Phishing advice

Sometimes you'll get an email that appears to come from your bank, the IT Service Desk or similar, but in fact it is trying to trick you into revealing important information such as your username and password, bank details etc. This is phishing.  

Read our advice on how to avoid getting caught by a phishing scam. If you have clicked on a suspect link in an email and/or entered your username and password, or think you may have replied to one, please contact the IT Service Desk.

To report a phishing / spam email, please forward it (as an attachment, using the keyboard shortcut Ctrl + Alt + F) to

For more information, see our Email quarantine and spam page.

Links in University emails

Automatic emails from many University systems (such as SIPR and COSTA) do not contain hyperlinks to web pages which ask for your username and password. Instead, the links appear just as plain text. 

How does it work?

You may receive an email with a message like this:

'We suspect an unauthorised transaction on your account. To ensure that your account is not compromised, please click the link below and confirm your identity.'


'During our regular verification of accounts, we couldn't verify your information. Please click here to update and verify your information.'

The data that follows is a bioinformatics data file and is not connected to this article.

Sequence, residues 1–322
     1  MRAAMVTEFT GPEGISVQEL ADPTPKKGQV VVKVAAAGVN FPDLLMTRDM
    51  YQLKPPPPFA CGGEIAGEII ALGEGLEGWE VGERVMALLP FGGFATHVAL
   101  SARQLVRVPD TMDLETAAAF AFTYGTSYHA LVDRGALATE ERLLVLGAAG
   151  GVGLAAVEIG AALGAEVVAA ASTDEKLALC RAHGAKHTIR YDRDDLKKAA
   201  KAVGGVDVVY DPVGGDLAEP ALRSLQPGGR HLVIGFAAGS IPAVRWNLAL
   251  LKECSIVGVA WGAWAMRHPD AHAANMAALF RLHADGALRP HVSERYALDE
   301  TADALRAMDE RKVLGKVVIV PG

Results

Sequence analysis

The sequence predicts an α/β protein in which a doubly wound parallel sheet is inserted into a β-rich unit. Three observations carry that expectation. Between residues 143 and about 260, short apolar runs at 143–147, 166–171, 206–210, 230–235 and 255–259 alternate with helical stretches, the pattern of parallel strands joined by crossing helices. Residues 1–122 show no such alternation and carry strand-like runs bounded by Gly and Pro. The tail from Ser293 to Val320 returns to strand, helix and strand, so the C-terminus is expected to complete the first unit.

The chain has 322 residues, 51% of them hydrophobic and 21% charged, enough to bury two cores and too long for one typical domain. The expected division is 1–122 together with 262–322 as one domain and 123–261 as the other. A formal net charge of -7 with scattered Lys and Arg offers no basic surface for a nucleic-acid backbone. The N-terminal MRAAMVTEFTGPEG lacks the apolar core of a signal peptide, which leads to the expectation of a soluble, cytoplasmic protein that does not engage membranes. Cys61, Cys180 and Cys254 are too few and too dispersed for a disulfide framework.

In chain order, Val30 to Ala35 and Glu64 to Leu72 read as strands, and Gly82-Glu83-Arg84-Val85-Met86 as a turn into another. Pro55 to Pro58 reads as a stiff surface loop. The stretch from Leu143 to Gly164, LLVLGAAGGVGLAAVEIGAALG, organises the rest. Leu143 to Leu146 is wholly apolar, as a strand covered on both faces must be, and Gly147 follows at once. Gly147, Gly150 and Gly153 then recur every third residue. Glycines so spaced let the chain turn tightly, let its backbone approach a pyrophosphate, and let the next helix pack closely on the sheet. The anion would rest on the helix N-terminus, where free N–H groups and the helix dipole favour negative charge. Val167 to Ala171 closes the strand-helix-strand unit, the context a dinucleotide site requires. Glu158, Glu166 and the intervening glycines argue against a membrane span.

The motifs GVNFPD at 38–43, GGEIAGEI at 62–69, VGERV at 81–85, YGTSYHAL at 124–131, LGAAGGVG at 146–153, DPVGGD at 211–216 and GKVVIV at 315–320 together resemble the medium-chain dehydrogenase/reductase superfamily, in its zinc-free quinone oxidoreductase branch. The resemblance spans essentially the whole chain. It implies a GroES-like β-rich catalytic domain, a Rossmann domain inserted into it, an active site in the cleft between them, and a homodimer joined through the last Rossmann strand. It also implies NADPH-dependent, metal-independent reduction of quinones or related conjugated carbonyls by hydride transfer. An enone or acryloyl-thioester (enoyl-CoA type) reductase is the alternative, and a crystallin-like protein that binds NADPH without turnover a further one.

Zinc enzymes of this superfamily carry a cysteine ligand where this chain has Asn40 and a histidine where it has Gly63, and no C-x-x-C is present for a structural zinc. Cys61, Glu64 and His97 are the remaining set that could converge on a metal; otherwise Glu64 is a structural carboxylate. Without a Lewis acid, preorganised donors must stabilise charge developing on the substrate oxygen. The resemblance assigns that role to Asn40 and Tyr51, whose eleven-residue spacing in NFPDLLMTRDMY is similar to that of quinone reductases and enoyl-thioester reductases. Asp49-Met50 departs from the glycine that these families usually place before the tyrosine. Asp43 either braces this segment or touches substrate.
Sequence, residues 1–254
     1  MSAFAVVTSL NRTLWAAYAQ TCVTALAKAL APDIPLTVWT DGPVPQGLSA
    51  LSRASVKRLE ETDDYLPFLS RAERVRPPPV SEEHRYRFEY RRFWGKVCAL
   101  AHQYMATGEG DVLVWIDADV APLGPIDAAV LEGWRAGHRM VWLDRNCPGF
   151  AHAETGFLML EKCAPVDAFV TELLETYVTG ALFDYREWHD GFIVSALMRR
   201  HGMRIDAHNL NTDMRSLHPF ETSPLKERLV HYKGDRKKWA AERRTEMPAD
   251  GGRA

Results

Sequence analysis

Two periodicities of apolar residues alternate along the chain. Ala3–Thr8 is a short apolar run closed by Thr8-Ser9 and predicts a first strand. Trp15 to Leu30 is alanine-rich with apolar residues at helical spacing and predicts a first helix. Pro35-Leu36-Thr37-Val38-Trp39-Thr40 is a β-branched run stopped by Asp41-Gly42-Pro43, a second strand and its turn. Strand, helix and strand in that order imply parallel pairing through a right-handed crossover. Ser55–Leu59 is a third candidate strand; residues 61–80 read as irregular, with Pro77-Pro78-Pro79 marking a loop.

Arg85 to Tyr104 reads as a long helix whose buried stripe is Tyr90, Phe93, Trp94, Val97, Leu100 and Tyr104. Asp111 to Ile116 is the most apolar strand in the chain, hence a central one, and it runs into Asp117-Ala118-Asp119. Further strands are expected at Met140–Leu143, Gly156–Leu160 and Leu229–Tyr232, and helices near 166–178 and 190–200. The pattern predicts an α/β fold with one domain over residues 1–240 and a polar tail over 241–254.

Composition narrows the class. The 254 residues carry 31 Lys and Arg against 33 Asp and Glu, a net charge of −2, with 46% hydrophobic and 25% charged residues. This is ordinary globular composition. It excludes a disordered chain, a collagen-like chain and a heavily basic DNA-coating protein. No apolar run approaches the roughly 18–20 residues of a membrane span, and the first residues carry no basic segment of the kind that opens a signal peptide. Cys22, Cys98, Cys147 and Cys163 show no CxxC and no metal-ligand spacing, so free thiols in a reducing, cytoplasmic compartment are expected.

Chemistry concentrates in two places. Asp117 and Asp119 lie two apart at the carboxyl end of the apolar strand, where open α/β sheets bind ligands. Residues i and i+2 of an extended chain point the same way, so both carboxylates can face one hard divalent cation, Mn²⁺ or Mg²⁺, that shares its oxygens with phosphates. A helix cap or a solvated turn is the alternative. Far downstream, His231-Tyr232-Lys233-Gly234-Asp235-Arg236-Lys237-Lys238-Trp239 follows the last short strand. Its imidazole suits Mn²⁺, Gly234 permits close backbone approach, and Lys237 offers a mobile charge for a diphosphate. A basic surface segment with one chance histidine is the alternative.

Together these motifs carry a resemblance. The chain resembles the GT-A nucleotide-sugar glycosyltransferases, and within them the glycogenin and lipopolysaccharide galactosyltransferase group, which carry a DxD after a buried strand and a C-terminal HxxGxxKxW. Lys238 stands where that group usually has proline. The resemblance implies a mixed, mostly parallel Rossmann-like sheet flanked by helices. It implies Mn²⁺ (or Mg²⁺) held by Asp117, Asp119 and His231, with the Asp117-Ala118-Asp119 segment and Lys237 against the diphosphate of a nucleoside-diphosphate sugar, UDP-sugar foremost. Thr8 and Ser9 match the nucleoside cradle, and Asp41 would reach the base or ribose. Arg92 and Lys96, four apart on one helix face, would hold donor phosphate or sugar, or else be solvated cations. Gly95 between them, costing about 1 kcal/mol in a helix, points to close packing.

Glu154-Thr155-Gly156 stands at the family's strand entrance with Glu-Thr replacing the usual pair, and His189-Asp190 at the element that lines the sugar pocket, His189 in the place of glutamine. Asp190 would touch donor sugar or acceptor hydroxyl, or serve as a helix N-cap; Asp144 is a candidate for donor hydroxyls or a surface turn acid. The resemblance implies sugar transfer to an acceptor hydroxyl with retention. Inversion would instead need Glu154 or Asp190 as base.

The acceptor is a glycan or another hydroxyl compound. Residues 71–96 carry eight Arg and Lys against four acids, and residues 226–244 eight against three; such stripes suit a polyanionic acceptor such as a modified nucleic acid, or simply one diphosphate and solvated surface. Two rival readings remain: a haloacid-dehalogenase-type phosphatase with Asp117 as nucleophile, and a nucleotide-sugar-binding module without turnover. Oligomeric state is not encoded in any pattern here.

The emails or pop-ups claim to be from a business or organisation that you might actually deal with - for example, the IT Service Desk, an internet service provider, a bank or an online payment service. The message may ask you to 'update,' 'validate,' or 'confirm' your password and/or account information, and some phishing emails threaten a dire consequence if you don't respond.

The messages direct you to a website that looks just like a legitimate organisation's site - but it isn't. It's a bogus site whose sole purpose is to trick you into giving away your personal information so the operators can steal your identity to access your data, run up bills or commit crimes in your name.

Neither the University nor any other reputable organisation will ever send you emails asking you to input, confirm or validate account and/or personal details.

Tips to avoid getting hooked by a phishing scam:

  • Even if an email requesting account information appears to have come from an official and/or trusted sender do not trust it;
  • don't reply to email or pop-up messages that ask for personal or financial information, and don't click on links in the message;
  • don't cut and paste a link from the message into your web browser - phishers can make links look like they go to one place, but they actually send you to a different site;
  • if you are concerned about your account, contact the organisation using a phone number you know to be genuine, or open a new internet browser window and type in the company's correct web address yourself;
  • don't email personal or financial information - email is not a secure way to send information;
  • review credit card and bank account statements as soon as you receive them to check for unauthorised charges;
  • be cautious about opening any attachment or downloading any files from emails you receive, regardless of who sent them

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